Intonating the Guitar

Making your chords perfectly in tune up the neck is next to impossible. The guitar isn’t really set up to do that, but we can temper our tuning to facilitate better intonation up and down the fret board. I almost never take all my strings off at once, preferring to change them one at a time starting with the low E string. It might be superstition, because I know wood has a memory, but I don’t like to put the neck through that much trauma when all the tension is released.
After putting on a new set of strings, I check my intonation by playing a harmonic at the 12th fret of the G string and then fretting the note at the 12th fret of the same string. Using a tuner, I look for an exact match. But if the fretted note is sharp, my string is too “short,” meaning the distance from the nut to the 12th fret does not match the distance between the 12th fret and the saddle.

If that is the case, I get a screwdriver and adjust that saddle piece backwards (if possible) which on Stratocasters and most Gibson guitars means tightening the screw. If the 12th fret note is flat my string is too “long” so I move my saddle piece closer to the nut by loosening the screw.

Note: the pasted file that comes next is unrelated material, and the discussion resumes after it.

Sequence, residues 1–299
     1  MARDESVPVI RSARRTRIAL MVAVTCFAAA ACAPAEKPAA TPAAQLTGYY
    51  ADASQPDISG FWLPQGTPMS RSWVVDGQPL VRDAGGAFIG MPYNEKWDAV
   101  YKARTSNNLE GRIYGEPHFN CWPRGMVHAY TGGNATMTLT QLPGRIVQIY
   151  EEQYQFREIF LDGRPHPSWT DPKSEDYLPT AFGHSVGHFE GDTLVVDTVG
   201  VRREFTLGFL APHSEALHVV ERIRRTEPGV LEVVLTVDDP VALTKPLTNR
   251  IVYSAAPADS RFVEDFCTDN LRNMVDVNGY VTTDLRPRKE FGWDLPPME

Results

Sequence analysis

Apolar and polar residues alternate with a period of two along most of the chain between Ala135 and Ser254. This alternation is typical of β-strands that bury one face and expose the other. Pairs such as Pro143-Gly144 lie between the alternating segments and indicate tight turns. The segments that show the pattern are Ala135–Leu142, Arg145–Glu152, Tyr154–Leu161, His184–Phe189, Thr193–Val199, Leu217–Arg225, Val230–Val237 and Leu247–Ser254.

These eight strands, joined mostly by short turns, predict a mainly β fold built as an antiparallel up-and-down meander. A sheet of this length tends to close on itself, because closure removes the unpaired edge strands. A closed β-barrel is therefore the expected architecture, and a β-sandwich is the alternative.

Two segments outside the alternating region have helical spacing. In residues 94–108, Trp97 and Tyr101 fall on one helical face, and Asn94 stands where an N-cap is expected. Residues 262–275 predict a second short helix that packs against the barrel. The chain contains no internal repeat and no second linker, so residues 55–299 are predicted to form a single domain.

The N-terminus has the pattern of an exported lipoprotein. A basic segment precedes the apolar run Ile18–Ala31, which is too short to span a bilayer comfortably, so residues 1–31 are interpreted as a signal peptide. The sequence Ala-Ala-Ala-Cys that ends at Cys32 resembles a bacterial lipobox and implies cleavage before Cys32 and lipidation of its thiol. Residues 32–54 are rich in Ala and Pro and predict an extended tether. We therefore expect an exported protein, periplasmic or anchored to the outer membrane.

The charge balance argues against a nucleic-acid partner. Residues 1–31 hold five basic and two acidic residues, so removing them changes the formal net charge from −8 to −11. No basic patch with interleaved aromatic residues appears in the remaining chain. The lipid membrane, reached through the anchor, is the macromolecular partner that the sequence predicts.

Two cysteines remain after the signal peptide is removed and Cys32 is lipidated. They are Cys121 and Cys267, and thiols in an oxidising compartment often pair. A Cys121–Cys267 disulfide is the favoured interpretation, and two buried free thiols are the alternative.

Running this test on all 6 strings will set your intonation perfectly or as perfectly as possible on a guitar. I usually do this every other string change, because my guitars don’t drift too much. One more tip: When all is right with my intonation, I’ll usually tune my low E string very slightly flat. This makes my 3rd fret G right in tune, and since the low open E vibrates quite a bit, it seems to compensate and not sound flat. On some guitars I’ll even tune the high E string a little sharp, but that really depends on the instrument.

The better you play the more you’ll demand good intonation out of your instrument. If it doesn’t tune up…sell it!